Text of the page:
The euro can't seem to catch a break, starting 2015 with a drop to a nine-year low against the U.S. dollar as the timetable for central bank action appears to step up amid a storm of other negatives for the common currency.
"The market was divided over when the ECB (European Central Bank) would undertake QE (quantitative easing)," David Forrester, a foreign-exchange strategist at Macquarie, said.
But comments from ECB President Mario Draghi changed that, he said, adding expectations are now for a policy adjustment possibly at the year's first meeting on Jan. 22.
In an interview with German newspaper Handelsblatt, Draghi said he believes the risk that the central bank won't be able to fulfill its mandate to preserve price stability had risen compared with six months ago.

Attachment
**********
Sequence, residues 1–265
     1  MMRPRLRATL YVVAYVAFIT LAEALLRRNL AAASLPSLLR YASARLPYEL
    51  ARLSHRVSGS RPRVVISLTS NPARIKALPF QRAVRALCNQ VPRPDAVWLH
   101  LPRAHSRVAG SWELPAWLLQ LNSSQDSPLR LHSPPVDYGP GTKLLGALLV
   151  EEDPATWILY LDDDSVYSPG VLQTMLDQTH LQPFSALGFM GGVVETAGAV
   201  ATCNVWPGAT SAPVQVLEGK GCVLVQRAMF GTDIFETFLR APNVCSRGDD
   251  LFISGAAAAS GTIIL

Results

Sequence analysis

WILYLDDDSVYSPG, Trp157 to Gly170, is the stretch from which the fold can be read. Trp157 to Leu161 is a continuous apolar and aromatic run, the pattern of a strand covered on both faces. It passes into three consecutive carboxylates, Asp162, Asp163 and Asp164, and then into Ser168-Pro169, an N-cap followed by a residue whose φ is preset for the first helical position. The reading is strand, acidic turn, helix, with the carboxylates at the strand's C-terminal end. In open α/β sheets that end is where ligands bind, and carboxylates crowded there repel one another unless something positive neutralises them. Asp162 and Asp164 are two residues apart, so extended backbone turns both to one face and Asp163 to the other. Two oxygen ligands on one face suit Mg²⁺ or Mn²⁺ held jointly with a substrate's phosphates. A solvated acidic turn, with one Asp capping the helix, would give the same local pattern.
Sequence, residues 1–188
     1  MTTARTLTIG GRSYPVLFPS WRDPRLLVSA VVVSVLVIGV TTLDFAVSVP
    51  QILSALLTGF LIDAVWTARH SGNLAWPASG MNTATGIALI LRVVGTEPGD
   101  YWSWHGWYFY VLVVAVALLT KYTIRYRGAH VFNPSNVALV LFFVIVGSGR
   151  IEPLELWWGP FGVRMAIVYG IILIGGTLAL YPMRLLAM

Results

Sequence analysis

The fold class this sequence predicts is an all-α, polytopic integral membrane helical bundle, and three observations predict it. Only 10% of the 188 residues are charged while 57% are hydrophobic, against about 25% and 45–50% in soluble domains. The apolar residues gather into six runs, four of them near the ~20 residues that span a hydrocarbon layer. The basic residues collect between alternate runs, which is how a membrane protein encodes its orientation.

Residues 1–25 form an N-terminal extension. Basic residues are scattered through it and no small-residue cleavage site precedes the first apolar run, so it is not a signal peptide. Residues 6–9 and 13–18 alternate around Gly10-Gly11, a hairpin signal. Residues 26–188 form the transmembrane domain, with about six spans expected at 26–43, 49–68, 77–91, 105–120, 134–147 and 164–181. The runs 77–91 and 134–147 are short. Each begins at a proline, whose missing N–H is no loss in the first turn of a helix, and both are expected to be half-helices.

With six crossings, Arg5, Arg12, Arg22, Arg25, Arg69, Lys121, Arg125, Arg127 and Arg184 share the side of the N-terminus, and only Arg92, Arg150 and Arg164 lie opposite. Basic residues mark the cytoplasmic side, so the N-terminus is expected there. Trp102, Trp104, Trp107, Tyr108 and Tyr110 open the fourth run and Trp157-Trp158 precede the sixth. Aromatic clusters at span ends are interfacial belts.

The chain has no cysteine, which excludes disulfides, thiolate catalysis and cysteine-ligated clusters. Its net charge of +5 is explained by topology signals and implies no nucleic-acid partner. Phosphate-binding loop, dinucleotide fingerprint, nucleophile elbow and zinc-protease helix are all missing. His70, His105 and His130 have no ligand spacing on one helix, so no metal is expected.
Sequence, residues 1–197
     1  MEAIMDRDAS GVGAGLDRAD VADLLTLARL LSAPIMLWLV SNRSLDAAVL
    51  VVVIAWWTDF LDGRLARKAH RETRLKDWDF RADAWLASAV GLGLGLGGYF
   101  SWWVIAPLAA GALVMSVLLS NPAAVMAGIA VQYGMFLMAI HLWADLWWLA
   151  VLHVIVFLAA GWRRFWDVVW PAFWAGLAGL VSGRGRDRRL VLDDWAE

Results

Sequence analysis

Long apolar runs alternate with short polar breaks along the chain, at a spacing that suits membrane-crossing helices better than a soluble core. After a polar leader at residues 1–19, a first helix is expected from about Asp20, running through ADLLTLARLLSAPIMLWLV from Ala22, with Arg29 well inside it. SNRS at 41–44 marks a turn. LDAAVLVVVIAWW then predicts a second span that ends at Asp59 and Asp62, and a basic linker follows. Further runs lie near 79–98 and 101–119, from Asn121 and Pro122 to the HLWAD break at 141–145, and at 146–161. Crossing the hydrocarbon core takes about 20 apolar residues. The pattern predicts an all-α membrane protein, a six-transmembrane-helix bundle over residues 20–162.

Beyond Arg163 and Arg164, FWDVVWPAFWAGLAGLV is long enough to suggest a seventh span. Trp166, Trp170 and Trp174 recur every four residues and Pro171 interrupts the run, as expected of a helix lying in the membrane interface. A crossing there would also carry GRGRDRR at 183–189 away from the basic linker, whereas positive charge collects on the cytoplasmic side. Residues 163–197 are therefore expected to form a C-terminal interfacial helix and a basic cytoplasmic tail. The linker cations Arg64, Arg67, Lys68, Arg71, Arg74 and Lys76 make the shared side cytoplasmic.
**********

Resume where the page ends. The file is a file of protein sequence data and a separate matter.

"It moves the timetable for QE potentially forward," he said, but he noted that other factors are also weighing. "You also have U.S. dollar strength and the Fed potentially raising rates—that's what's feeding the euro weakness now."
Weakness abounds, with the euro fetching $1.1936, after trading as low as $1.1860, its lowest since 2006.
The ECB likely wants the euro to decline to help spur the economy and inflation, noted Jesper Bargmann, head of trading for Asia at Nordea. But he added, "I'm not sure they would like the euro to collapse in the short term."